• Navigate to a category in the table to see it in detail
  • Navigate to the center to return to the main view
  • *Captioning makes video content accessable to the Deaf and Hard of Hearing, to search engine optimization, and also to be translated from English into other languages
(Note: this process is not available on mobile devices)

Step 1: Navigate to YouTube's Video Manager, which is found in the Creator Studio.
Screenshot of Video Manager location

Step 2: The option to add Subtitles and CC is under the down arrow next to the Edit button of the video you wish to change.
Screenshot of Subtitles and CC menu location

Step 3: If you haven't already, you will be prompted to set the most spoken language in the video.
Select video's primary language

Step 4: Subtitles can be added in whatever language you prefer, using one of three methods:
Upload a file: allows you to upload a text transcript or timed subtitles file which should contain both text and time codes for when each line of text should be displayed. Position and style information can also be included.
Transcribe and set timings: using this method, you can type everything that is said in the video and let YouTube automatically line up the text with the content of the video. Once it is finished, you can adjust the timing and content of the subtitles.
Create new subtitles or CC: finally, you can type out the subtitles line by line and set the timing by hand.
Screenshot Subtitle/CC options

Congratulations, your video can now reach many more people!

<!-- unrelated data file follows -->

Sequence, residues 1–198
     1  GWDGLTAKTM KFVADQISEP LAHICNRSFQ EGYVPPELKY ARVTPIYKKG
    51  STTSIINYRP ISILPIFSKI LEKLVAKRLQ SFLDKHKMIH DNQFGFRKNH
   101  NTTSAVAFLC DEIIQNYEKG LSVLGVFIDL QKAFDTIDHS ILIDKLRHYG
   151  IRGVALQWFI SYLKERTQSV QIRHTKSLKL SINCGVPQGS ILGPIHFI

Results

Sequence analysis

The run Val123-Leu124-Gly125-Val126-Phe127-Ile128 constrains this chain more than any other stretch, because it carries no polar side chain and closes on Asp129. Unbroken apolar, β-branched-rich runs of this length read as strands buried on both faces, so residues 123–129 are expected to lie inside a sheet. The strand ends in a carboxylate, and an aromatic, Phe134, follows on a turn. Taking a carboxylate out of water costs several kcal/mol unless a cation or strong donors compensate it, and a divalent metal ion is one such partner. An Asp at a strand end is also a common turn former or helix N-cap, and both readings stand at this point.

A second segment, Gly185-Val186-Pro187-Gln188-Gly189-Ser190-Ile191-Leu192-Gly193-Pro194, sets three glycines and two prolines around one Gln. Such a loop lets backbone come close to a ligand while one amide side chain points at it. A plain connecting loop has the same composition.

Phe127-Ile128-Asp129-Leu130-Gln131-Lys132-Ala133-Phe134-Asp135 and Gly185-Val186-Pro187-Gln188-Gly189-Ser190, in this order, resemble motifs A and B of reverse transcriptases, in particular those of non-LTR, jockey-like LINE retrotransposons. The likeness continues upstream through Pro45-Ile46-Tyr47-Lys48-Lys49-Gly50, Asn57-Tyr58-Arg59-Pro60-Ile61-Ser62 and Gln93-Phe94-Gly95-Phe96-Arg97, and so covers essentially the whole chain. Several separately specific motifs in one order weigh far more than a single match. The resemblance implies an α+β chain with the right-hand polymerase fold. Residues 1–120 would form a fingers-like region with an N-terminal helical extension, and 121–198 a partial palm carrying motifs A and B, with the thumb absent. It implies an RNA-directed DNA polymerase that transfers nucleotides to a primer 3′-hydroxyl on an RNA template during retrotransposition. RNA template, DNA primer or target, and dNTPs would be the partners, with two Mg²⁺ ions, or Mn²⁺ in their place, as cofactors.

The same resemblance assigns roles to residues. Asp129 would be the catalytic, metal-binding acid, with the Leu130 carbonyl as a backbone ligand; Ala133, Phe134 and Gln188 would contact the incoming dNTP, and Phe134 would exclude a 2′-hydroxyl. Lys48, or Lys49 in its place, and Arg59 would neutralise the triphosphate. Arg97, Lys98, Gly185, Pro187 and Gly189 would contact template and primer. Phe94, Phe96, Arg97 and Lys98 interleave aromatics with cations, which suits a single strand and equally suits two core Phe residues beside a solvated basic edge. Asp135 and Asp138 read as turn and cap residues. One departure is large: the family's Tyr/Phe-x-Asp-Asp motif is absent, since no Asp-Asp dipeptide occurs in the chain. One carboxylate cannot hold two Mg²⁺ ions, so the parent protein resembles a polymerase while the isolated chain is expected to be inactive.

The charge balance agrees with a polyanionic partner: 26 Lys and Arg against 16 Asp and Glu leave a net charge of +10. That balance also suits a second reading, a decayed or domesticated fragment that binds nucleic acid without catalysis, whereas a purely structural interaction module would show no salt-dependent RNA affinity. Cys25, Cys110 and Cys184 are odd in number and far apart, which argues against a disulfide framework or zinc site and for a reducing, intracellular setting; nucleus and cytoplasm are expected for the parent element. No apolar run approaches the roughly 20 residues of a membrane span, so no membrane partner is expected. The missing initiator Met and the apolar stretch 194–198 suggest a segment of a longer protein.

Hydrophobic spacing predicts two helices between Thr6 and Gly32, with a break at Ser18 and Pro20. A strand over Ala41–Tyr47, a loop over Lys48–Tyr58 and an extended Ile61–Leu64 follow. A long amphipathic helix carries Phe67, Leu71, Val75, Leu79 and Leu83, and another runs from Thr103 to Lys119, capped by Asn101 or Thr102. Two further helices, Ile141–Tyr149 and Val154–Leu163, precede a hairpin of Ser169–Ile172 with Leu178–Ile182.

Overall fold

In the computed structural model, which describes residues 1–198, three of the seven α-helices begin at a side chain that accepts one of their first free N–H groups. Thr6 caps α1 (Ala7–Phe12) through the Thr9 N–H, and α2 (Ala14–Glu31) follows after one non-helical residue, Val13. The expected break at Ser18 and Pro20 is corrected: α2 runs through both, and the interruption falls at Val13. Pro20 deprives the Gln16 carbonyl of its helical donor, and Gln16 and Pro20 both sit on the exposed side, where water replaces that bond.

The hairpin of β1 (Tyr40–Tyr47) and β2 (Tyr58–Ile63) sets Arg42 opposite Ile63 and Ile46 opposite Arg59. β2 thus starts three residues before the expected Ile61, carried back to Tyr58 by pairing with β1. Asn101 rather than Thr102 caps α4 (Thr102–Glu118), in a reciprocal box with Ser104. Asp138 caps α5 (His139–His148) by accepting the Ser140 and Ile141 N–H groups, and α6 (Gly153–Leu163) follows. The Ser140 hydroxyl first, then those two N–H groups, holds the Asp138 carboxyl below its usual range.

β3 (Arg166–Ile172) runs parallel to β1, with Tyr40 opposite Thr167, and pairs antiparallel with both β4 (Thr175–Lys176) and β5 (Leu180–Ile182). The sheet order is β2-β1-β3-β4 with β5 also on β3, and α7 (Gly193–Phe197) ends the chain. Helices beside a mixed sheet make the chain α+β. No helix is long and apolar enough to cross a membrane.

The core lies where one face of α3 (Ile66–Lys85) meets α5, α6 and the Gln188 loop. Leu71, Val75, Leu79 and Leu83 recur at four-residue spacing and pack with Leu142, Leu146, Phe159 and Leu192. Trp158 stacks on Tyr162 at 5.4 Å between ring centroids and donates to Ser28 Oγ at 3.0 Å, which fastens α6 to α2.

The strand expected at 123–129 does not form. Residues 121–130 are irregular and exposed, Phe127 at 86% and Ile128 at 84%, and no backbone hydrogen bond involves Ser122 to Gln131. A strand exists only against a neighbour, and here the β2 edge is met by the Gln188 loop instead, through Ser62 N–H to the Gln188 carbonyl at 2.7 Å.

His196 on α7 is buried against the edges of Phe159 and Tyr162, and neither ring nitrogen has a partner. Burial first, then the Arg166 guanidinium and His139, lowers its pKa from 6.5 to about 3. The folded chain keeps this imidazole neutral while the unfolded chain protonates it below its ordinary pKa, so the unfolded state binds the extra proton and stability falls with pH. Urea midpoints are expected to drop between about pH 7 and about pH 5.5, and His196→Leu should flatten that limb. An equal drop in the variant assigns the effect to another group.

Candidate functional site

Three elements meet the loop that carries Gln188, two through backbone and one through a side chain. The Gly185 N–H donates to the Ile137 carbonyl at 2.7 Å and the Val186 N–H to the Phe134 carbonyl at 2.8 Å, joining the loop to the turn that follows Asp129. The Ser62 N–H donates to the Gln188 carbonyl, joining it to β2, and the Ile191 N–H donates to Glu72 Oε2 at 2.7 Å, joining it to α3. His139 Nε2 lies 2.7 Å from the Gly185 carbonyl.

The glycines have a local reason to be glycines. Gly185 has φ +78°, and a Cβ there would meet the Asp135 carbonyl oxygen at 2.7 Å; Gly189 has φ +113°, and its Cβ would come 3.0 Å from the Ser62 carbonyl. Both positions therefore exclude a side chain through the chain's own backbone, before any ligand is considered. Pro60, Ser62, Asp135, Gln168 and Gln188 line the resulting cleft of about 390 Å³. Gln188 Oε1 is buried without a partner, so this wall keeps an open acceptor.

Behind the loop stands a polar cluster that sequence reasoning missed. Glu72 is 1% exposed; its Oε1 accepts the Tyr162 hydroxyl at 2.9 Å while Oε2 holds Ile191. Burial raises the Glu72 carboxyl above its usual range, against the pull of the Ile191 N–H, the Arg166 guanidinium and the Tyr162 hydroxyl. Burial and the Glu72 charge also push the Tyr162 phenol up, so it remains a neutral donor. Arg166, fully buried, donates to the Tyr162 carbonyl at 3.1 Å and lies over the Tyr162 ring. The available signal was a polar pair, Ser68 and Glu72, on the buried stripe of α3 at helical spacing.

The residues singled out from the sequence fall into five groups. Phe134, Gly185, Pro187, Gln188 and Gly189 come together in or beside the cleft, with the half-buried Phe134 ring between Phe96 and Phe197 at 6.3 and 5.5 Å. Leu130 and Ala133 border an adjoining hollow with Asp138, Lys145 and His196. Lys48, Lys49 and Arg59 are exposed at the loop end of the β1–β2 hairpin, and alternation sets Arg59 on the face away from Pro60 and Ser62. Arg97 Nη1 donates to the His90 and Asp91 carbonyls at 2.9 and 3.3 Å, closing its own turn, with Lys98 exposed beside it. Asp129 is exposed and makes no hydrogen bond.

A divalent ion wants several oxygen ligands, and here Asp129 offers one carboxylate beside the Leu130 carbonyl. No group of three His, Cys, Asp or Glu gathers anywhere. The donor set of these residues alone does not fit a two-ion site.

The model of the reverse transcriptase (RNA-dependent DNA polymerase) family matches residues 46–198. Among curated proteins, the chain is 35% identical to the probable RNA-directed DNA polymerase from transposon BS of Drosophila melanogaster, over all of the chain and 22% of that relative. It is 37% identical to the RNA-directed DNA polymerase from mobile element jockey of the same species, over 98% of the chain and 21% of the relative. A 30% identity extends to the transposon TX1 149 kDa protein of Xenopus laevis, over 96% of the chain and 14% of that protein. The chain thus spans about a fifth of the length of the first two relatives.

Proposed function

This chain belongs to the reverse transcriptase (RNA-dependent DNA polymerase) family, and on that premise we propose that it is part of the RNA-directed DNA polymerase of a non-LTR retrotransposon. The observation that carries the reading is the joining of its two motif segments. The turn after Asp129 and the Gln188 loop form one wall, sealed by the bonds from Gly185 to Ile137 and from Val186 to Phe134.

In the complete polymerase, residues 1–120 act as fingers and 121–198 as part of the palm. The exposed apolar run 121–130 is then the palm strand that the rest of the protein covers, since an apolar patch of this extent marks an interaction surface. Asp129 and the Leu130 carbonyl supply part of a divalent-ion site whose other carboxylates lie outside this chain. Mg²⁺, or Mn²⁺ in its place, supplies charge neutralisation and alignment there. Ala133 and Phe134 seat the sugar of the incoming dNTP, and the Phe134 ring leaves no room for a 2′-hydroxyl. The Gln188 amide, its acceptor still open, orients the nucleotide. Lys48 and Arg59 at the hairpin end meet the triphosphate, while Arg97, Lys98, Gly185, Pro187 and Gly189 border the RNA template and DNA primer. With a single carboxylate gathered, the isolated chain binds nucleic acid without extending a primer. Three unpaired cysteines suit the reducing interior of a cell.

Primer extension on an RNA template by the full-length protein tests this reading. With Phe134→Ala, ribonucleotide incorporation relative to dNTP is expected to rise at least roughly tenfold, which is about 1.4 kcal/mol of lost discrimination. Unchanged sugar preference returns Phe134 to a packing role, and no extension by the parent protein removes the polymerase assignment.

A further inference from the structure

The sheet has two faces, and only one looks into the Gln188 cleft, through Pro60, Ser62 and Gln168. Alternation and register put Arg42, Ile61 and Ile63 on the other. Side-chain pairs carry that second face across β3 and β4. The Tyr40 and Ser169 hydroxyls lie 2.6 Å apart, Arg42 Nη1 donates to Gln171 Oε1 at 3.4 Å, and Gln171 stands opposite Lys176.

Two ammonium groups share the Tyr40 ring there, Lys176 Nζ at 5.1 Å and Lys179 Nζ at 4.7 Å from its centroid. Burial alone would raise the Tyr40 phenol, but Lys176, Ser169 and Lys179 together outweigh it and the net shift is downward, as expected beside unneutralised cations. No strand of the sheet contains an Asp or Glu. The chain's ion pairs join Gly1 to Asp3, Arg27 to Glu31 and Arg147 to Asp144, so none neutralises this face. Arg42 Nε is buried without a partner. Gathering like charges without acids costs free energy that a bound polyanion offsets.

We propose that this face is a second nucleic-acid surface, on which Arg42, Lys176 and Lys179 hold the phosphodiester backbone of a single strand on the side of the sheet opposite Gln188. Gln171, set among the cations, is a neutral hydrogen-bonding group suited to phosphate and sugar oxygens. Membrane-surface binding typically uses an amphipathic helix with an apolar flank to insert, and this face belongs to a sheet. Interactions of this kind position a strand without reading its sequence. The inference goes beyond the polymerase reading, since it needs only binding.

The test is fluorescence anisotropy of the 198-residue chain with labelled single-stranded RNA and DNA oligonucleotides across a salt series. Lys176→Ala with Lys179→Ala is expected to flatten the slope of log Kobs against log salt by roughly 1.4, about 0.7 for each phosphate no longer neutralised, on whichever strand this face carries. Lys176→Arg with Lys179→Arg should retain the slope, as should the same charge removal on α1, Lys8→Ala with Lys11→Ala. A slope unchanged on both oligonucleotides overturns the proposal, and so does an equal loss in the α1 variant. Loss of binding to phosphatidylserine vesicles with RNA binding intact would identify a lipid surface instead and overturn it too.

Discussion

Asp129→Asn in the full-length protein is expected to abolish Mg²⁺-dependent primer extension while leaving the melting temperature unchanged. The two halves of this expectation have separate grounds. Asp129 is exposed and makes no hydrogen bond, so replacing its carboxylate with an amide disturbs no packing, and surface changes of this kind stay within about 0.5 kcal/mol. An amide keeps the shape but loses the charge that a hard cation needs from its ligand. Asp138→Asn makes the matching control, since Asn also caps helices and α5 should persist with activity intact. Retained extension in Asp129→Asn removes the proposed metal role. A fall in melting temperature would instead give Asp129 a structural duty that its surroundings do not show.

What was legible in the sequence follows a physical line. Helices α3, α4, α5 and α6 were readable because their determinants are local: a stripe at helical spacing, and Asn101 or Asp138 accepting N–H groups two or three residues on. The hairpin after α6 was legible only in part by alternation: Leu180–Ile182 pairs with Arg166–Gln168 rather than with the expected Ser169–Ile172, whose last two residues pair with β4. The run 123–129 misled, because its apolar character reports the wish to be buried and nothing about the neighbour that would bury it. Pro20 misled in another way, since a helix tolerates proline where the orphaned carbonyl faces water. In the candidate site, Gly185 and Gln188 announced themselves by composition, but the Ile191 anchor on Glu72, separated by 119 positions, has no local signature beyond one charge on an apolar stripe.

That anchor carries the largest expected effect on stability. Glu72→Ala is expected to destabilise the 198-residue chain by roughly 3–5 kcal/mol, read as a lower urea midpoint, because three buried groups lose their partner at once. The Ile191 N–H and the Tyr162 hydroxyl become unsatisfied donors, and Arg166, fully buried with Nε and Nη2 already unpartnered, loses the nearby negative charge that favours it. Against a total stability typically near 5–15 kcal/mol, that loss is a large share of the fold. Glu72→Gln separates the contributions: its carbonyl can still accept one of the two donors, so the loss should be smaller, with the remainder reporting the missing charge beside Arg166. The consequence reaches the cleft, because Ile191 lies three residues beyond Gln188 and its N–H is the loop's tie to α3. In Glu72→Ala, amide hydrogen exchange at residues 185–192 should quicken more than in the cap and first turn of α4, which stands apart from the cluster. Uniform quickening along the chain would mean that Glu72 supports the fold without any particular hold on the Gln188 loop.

In European nations, there is no significant distinction between subtitles and closed captions. However, in the U.S. and Canada, subtitles refer to a translation of the dialogue and assume the audience can hear. Closed captioning, on the other hand, is meant to replace all sound, not just dialogue.
Despite this official distinction, YouTube appears to make no distinction between the two.

Amara.org allows users to create captions for videos they don't own and share the videos with others.

dhcc: Deaf-Hearing Communication Centre provides interpreters, sensitivity training, and ASL classes.

Official YouTube Subtitle/CC support

Official YouTube Subtitle/CC upload support

Learn more about reaching a global audience through Subtitles/CC

Our presentation video on YouTube.

This data visualization was created by Hannah Bown, Rita Zevallos, and Jonah Schwartz, with the advice of Neil McDevitt (Executive Director of the dhcc), during the 2015 evoHaX hackathon.

Data was collected with the help of the Youtube Data API. This open source sunburst flare was originally created by John Stasko

In the future, we'd like to expand this chart so that it updates dynamically with daily information on captioned vs. uncaptioned YouTube videos. We would also like to add an alternate viewing mode that sorts the categories by highest caption ratio instead of by highest number of total videos.